Golf Bridges The Gap

Post by Rikki White.

I first encountered my Japanese friend, Shuichi Takayama, on the internet when it was in its infancy. Few of my friends hadPCs, even fewer had access to the net and I was looking for ways to take advantage of using the world wide web. News Groups seemed to be a way of making contact, so I posted a message asking if anyone could help me to track down a book on Japanese gardens as they were my passion at that time – there were many books on bonsai, but very few on other aspects of oriental gardens. I never expected to get the genuine article, but Shuichi e-mailed me to say that he would be very happy to send me a couple of books on Japanese gardens and in return I sent him a book on English gardening and so began a most unlikely friendship between a young Japanese businessman and an English grandmother.

Despite the age difference we had much in common. We are both keen on jazz and gardening, but the thing that formed a real bond between us was a mutual enthusiasm for golf.

At that time, golf in Japan was dominated by expense account entertaining so it was not too easy for Shuichi to get a game. Living just 100 metres from my golf club, I was fortunate enough to be able to play as often as the weather allowed. Nowadays, things have changed greatly in Japan. There are many more courses, it is not at all difficult to get a game and the driving range facilities are superb, so the young people start on the range and then very soon move on to the course . .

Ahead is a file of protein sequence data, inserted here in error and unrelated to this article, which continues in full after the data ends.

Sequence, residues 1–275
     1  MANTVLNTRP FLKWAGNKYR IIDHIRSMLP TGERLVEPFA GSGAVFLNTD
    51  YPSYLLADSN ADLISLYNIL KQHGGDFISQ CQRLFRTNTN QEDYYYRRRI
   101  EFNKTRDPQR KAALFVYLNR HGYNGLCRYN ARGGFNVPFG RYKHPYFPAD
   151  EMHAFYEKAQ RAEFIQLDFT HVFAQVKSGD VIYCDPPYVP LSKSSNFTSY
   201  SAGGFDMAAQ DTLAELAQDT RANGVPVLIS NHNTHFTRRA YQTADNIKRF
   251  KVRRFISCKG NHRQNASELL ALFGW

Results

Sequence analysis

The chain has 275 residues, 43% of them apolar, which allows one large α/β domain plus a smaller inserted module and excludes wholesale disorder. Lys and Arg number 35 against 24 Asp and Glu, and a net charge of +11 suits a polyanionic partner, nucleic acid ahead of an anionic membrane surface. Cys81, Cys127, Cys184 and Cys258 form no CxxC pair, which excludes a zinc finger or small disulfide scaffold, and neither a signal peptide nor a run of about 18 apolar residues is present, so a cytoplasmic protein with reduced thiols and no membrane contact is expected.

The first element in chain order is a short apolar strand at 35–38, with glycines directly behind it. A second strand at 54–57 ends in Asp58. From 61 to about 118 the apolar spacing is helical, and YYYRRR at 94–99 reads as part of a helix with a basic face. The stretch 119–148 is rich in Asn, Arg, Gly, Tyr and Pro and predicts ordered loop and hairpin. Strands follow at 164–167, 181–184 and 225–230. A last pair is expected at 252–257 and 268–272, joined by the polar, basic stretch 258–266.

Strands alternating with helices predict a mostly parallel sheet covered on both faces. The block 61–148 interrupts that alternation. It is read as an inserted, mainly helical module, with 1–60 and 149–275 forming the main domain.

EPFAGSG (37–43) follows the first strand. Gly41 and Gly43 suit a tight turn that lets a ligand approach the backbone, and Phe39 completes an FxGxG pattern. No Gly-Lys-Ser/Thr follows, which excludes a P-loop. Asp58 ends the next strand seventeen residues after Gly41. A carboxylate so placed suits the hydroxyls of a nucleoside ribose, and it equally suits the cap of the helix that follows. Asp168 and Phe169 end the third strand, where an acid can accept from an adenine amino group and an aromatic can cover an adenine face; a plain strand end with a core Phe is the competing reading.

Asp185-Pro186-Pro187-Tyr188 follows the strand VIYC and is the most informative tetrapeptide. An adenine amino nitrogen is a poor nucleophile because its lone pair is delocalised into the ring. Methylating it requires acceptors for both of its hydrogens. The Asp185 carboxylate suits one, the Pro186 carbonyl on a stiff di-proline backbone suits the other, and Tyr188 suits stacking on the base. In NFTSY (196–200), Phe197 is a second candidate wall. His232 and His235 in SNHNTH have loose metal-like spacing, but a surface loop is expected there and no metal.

Golf club membership is not for the masses as the entry fee is around £20,000, plus an annual subscription of around £800, so from an economic point of view it is better value to pay and play. Though it is about £40 during the week and £60 at the weekend for adults to play, it is only £8 for juniors, so the young people can, and do, get off to an early start.

At the moment, the greatest phenomenon in Japanese golf is a young lady named Ai Miyazato, or Ai-chan as she is affectionately known. She started to play golf at 4 years old. During 2004 and 2005 she won just about everything in Japan. She is a real superstar and adored by her compatriots. 2006 was her rookie year on the LPGA tour in the US and whilst she hasn’t had much success yet, if home support is any help, it’s only a matter of time.

There are strong western influences in the Japan of today. Shuichi’s three sons grew up with Thomas the Tank Engine and graduated to Harry Potter, but spurred on by the success of Ai-chan, they are now regulars at the driving range ( the youngest is 4 years old and the eldest can these days drive the ball almost as far as his father).

Perhaps one day Shuichi and I will meet and play a game of golf together. As they say “It’s a small world”. Meanwhile it’s a friendship I value very much.

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